Red teaming. It is a practice as old as the Devil's Advocate, the 11th-century Vatican official charged with discrediting candidates for sainthood. Today, red teams - comprised primarily of fearless skeptics and those assuming the role of saboteurs who seek to better understand the interests, intentions, and capabilities of institutions or potential competitors - are used widely in both the public and private sector. Red teaming, including simulations, vulnerability probes, and alternative analyses, helps institutions in competitive environments to identify vulnerabilities and weaknesses, challenge assumptions, and anticipate potential threats ahead of the next special operations raid, malicious cyberattack, or corporate merger. But not all red teams are created equal; indeed, some cause more damage than they prevent.
In Red Team, national security expert Micah Zenko provides an in-depth investigation into the work of red teams, revealing the best practices, most common pitfalls, and most effective applications of these modern-day Devil's Advocates. The best practices of red teaming can be applied to the CIA, NYPD, or a pharmaceutical company, and executed correctly they can yield impressive results: red teams give businesses an edge over their competition, poke holes in vital intelligence estimates, and troubleshoot dangerous military missions long before boots are on the ground. But red teams are only as good as leaders allow them to be, and Zenko shows not only how to create and empower red teams, but also what to do with the information they produce.
Essential listening for business leaders and policymakers alike, Red Team will revolutionize the way organizations think about, exploit, compensate for, and correct their institutional strengths and weaknesses. Drawing on little-known case studies and unprecedented access to elite red teamers in the United States and abroad, Zenko shows how any group - from military units to friendly hackers - can win by thinking like the enemy.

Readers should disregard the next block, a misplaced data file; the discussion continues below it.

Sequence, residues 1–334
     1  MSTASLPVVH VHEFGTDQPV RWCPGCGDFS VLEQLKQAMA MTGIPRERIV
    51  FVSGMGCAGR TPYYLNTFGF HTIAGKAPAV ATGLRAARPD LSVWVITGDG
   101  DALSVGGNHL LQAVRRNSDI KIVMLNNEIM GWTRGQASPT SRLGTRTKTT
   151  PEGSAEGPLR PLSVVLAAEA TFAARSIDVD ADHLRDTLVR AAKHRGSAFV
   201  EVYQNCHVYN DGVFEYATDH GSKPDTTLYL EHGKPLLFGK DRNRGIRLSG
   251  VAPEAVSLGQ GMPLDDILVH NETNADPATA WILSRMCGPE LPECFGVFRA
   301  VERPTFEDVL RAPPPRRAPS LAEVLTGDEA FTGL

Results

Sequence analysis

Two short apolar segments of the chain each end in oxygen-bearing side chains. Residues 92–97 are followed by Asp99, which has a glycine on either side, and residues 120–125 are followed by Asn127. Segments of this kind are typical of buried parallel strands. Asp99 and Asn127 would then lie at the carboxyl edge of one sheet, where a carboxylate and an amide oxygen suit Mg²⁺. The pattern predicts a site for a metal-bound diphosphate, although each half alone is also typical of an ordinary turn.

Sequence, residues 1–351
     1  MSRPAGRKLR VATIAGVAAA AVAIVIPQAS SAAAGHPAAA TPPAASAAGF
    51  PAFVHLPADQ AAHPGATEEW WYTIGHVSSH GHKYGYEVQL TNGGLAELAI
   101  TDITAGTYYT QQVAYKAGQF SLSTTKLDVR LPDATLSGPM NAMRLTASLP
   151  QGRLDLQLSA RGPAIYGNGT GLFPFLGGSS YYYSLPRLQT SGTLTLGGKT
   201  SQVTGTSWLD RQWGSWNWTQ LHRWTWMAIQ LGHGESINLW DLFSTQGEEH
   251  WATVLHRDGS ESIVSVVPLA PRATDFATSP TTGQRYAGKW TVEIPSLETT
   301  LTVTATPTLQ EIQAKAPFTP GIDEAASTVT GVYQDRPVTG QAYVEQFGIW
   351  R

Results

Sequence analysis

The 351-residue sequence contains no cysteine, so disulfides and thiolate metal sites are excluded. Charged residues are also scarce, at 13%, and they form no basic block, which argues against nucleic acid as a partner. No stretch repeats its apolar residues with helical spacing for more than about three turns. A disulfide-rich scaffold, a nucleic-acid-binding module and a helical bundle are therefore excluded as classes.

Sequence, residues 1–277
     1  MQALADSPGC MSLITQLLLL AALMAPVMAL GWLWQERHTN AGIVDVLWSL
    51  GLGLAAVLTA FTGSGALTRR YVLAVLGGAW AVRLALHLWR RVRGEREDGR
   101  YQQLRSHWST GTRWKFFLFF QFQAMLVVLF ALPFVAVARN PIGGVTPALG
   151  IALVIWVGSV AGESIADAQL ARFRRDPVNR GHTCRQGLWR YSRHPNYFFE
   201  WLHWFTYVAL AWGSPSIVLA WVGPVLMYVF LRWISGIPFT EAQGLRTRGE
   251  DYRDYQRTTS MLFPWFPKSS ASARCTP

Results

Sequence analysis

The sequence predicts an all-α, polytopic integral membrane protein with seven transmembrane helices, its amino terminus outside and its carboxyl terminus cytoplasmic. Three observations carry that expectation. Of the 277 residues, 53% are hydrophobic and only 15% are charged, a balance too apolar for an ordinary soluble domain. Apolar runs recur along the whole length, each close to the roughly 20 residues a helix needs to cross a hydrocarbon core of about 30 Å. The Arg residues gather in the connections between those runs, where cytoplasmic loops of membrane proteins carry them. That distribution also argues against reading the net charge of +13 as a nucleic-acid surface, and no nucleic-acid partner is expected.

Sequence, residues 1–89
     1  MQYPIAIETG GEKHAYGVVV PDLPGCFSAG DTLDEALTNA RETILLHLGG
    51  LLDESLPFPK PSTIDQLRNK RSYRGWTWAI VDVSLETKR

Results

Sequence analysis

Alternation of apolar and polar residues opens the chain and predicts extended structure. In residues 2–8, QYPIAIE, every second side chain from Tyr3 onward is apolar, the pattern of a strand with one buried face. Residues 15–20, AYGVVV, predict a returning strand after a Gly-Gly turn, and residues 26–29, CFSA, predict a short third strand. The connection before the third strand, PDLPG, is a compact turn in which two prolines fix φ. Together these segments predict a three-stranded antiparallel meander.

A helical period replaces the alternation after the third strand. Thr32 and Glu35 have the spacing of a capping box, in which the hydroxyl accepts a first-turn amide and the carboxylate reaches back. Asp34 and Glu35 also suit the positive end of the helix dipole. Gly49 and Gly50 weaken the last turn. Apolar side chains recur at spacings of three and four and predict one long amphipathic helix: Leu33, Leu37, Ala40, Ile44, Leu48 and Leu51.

©2015 Micah Zenko (P)2015 Brilliance Audio, all rights reserved.
Fundamentally changed thinking
Guns, Germs and Steel because it significantly altered the way I looked at the world in ways I hadn't expected.
No characters. The narrator was great.
I am my own best devil
As a corporate trainer I believe this book would be greatly enhanced with a companion workbook to help people begin the red team process in their organization.
good book with solid information about this nebulous concept of teaming. I think the book does a great job of respecting the complex emergent nature of red teaming techniques but I think this makes it a bit of a long slog since the author often avoids oversimplifying
Repetitive. Very repetitive. Very, very repetitive. Should have been condensed down to about half the length.
Acronyms are plentiful without adding much to the idea of the book, Overall it was extremely helpful to understand the alternative critical thinking process. I would absolutely recommend it.
The first hour or two are good, focusing on red team best practices, but it quickly turns into a slog of repetitive anecdotes. The narration is dull and the word "moreover" is used way too often. Only made it about halfway.
Wasn't as good as I had hoped, but quite informative. The author repeats some of the same points and stories in part, but it's overall a well rounded, well researched, book. Would recommend to anyone in the intelligence community but not necessarily for the average reader.
"Dense content... Needs to be read 2 or 3 times"
Not what I was expecting. In many ways red team is alot like communism... great on paper but impossible to manage in the real world.
"Learning about what Red Teaming is all about."
This is a good introduction to what Red Teaming is all about. Although US biased, examples and explanations could be applied to almost any type of global company. The book gives you a good grasp of setting up a Red Team and the pitfalls to avoid. The author gives real-life examples of how Red Teams were deployed and the outcomes.
Probably not, as it is quite long...
Shame where was not a companion eBook (at time of purchase).
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